Zimbabwe cricket has lost one of its greatest servants over a period of many years in the death of Mr David John Lewis in Johannesburg on Friday 18 January 2013, at the age of 85.
Report by Shingai Rhuhwaya
David Lewis is widely acknowledged as one of this country’s greatest captains and administrators, as well as being a good, courageous middle-order batsman.
David John Lewis was born in Bulawayo on 27 July 1927. His father, also David, was the last pilot to be shot down by the legendary Baron von Richthofen in the First World War, but he survived to make a forced landing.
He became a commissioner in Rhodesia, as the country was then known. David attended Reps (Rhodes Estate Preparatory School) and Plumtree School, from where he went to study law at the University of Cape Town, and thence to Oxford University.
He made his name at school as a batsman and brilliant fielder, and made his debut in first-class cricket in unusual circumstances.
He was selected as twelfth man at the age of 18 for the national team’s friendly match in 1945, just after the close of the Second World War, against Transvaal in Bulawayo. Two of the team were injured and unable to bat in that match, which Transvaal won, so the Transvaal captain kindly suggested that, the match being a friendly, David and the other substitute fielder might like to bat in their places in the second innings. This is not in accordance with the laws of the game, but David took his chance and scored a single.
His next first-class experience came at Oxford University between 1949 and 1951, but he was not very successful for them, only winning a regular place in the team and a ‘blue’ against Cambridge in his final season. On his return home, however, he quickly won a place in the national side for the Currie Cup,Rhodesia being in the B Section for most of the 1950s. He was much more successful here, averaging 51 in his first season and scoring a century against Border (the team from the East London area of the Cape).
His knowledge of the game and leadership skills were evident, and in 1953/54 he was appointed captain of the national side. By the time he stood down from the captaincy in favour of Tony Pithey, he had taken the team through to the Currie Cup A Section. However, they were less successful under Pithey’s captaincy and were demoted to the B Section, which led to David’s recall as captain in 1963/64. He led the team back to the A Section and then retired as a player. He scored 3273 runs for his country in 74 first-class matches at an average of just over 30.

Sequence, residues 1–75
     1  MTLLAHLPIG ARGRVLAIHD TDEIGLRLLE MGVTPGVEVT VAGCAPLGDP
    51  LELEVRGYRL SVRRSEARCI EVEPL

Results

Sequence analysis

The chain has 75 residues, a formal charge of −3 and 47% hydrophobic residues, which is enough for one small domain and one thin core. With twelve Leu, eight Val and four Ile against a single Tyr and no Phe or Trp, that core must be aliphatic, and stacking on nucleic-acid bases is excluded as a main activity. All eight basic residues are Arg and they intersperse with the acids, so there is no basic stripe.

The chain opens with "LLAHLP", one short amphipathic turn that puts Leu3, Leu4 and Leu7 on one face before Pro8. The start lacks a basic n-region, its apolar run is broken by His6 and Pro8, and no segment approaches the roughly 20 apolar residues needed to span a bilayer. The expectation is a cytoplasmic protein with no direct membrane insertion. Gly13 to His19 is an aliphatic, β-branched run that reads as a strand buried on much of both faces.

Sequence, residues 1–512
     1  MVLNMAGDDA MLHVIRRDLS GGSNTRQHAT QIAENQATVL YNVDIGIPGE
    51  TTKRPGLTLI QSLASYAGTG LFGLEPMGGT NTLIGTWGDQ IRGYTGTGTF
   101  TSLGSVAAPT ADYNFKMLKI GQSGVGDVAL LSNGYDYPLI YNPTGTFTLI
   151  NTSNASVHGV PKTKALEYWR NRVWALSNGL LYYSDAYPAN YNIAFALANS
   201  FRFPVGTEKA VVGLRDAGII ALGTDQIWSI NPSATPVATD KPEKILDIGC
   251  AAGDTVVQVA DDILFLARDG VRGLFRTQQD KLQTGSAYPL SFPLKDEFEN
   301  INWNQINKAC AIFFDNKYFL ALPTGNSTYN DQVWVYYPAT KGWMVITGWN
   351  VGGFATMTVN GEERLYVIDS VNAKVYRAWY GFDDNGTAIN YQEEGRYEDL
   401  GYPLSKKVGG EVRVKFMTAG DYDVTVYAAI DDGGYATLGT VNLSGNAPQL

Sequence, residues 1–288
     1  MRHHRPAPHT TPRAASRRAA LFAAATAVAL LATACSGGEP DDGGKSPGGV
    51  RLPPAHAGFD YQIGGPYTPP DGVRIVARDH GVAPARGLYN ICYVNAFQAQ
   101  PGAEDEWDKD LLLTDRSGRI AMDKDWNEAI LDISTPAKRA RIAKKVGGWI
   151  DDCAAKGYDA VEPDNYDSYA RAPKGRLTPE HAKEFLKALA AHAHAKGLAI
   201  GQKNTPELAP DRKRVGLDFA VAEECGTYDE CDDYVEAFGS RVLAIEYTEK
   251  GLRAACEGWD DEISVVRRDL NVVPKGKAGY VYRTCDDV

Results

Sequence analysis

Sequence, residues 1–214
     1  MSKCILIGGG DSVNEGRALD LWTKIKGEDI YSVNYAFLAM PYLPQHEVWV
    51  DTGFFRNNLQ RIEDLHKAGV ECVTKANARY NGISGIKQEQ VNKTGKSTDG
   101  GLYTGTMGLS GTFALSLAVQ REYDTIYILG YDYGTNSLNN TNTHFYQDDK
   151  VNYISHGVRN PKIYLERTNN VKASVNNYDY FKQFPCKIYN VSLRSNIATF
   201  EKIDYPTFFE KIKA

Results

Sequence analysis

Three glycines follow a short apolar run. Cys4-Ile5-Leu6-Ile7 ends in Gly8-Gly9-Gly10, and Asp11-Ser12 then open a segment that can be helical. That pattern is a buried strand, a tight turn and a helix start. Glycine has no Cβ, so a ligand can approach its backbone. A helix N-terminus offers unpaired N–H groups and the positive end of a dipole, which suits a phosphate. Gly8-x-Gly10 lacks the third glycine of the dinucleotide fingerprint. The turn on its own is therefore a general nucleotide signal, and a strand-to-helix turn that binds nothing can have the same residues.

As a batsman he was rather limited, but he showed great courage and application, and he loved the challenge of facing fast bowling. His success as a batsman came more from sheer determination and studying the game rather than basic ability, and he did not often make many runs against the very best bowling attacks. He was, however, a brilliant fielder, especially in the covers, and many considered him the best in the world at that time.
As a captain he is generally considered as one of the best this country ever had, with perhaps only Duncan Fletcher mentioned in the same breath. He was a wise student of the game, well known for his shrewd field placings and assessments of the strengths and weaknesses of opposing batsmen, and would employ any trick to winkle out an opponent. He looked after his team well and was both highly respected and very demanding, never accepting less than one hundred per cent from his men. He was not a man to suffer fools gladly, but was always very kindly and helpful to the young who were willing to learn.
He was fortunate in having two of the greatest fast-medium bowlers ever produced by this country in his team, in Godfrey Lawrence (now living inAustralia) and the late Joe Partridge, and he used them well. Possibly the only criticism made of his captaincy was that he tended to try to control the game with these two alone and was sometimes quick to fall back on the defensive when they needed resting.
He played for Salisbury (as it was then) Sports Club for many years. He was also a fine rugby player for Oxford University, his club, Mashonaland and the national team in a match against the Australians in 1953.
After his retirement he soon went into administration, becoming president of the Rhodesia Cricket Union from 1974 to 1976 and was a member of the South African Cricket Union from 1974 to 1980. He was a strong personality with the highest integrity and fought hard for what he believed to be the best interests of the game in this country.
Cricket in Zimbabwe is grateful to Lewis for his championing a revolution of the local game by converting the team from amateurs to professionals who had regular, organised practice over and above club matches.
Paying tribute to Lewis, ZC Life President Alwyn Pichanick described him as “an outstanding captain and later an erudite administrator who was completely dedicated to the game.”
Lewis was a ZC Life Vice-President at the time of his passing away.
Outside cricket, he became a director of companies and a senior partner in a law firm for many years. He retired to South Africa with his wife Dorothy.
A gentleman on and off the field, David John Lewis is a great loss to the game!